reThink encourages the creation of spaces and products that create long-term added value. The colour range invites you to feel, think, rethink and combine freely. Polarities – such as natural/artificial or monumental/filigran – complement each other in this unobtrusively inspiring colour space. Together with the RAL Design System plus this colour space is integrated into a complex colour system and can easily be expanded.
reThink is the impulse for a society where empathy and humane objectives are important. Wisdom from earlier cosmopolitan eras, such as the Renaissance, is combined with visions for a better future. In a networked and unpredictable world, we see an increased orientation towards values of mindfulness and holistic prudence.
The Slow Culture movement, which has grown out of the megatrends of neo-ecology, health and a new culture of knowledge, is focusing on greater appreciation of resources in the long term. Creativity and a creative drive are combined with a growing holistic sense of responsibility on a global and individual level.
Appealing colours and sensual surfaces create a positive relation to our surroundings.
Subtle, variable colours and sensual surfaces create a balance to the digitalization and sensory overload of everyday life. The range is characterized by a reserved, changeable colourfulness. Matt shades reminiscent of lime paint and chromatic shadowy tones create versatile applicable harmonies. Selected shade-in-shade combinations modulate empty spaces discreetly.
Thanks to mainly light to medium tonalities, the overall impression is light and yet solid. Materials inspired by clay, stone, loam and sturdy plasters provide strength and sensitive textures. By using light, transparencies and soft graduations an airy atmosphere is created. Despite being unobtrusive, surface and product designs appear imaginative, personal and approachable.
I was one of the CMF specialists, trend forecasters and also one of the two main editors on this project. Really loved this collaboration with RAL colours and IIT Institute International Trendscouting. All work was done fully remote. To guarantee colour accuracy, we all used RAL Design System plus original samples. Well done team!
We work globally and care about colour education: The trend report is available in English, German, Chinese, Spanish, French, Russian or Dutch for free. Share this info with anyone who should know about it. You can even download the colour palette as .ase files to easily integrate them into your digital workflow.
‘Form follows seduction’ as artist and designer Adam Nathaniel Furman so rightly updated the often misinterpreted ‘form follows function’, which led to a tremendous lack of understanding colour on a global scale. If you compare the curriculums of the vast majority of universities for architecture and design, you’ll notice, that colour is a side note if it is mentioned at all.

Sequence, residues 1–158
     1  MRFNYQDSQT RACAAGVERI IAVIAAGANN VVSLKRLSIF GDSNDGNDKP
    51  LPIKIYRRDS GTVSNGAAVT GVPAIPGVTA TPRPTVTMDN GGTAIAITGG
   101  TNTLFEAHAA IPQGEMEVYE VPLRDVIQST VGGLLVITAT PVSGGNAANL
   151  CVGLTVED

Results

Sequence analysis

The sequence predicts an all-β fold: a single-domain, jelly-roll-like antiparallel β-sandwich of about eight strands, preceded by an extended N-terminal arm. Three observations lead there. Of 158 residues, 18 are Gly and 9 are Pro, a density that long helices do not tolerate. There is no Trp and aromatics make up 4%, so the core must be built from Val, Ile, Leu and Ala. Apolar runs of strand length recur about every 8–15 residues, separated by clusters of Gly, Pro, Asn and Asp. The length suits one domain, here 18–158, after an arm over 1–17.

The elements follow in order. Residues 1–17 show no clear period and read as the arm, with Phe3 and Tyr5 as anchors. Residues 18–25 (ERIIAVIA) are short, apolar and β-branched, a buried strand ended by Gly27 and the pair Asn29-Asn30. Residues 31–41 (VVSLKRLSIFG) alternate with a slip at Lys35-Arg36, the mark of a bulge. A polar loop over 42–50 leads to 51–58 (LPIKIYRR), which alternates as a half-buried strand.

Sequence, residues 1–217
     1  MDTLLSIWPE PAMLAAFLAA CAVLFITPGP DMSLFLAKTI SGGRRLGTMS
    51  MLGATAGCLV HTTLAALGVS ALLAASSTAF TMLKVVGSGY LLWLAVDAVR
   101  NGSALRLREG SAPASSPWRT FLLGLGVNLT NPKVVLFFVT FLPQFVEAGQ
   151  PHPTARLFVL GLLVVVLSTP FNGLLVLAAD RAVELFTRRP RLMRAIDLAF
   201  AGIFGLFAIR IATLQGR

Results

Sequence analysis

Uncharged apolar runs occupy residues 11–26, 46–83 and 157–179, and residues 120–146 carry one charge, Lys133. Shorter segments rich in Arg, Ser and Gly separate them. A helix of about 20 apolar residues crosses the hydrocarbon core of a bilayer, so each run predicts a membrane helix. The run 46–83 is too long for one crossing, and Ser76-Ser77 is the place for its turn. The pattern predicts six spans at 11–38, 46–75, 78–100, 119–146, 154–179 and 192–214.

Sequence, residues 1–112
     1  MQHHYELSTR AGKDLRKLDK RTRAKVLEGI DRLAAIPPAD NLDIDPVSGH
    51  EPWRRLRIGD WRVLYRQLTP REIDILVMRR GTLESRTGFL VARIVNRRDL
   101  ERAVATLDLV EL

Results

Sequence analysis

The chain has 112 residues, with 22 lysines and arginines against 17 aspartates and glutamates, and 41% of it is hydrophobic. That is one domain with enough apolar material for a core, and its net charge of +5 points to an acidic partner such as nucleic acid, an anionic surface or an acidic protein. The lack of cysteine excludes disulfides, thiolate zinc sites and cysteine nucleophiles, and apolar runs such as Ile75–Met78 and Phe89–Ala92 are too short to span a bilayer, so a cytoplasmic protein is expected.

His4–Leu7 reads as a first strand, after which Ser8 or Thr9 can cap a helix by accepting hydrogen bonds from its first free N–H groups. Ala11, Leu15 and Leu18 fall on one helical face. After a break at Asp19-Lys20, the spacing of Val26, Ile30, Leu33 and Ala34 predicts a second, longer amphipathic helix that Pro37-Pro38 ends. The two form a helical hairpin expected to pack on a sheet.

Did you know that colour is usually the first and most influential impression we have about any object? Roughly 85% of all purchasing decisions can be directly attributed to colour.
Why is it, that so many designers and architects shy away from colour apart from the monochromatic and standard material driven palettes they have become used to? If you ask me the truth isn’t just found in their appreciation for functionality. I don’t think every design needs to be purely functional. In my opinion, the reason is often, that you have to be a more knowledgeable creative to do maximalist designs well compared to minimalist ones.
Readily available information on colour theory and use is often too trivial and dogmatic for today’s complex world. Do a random search engine search and you’ll find out, a lot of the data is too simplified.
Therefore sticking only to black, grey, white and other so-called neutrals? We can often do better than that. Check out the marvellous feeds of extraordinary talents like Adam. Follow people who know how to work with colour professionally. Recommend those inspiring feeds to anyone you know, who could benefit from it.
After years of predominantly pared-back designs, colourful extravaganza is rising exponentially. Maximalism is boldly influencing the direction design will be heading in the years to come. Get prepared. The biggest trends in colour design currently are MORE colour and BRAVER combinations.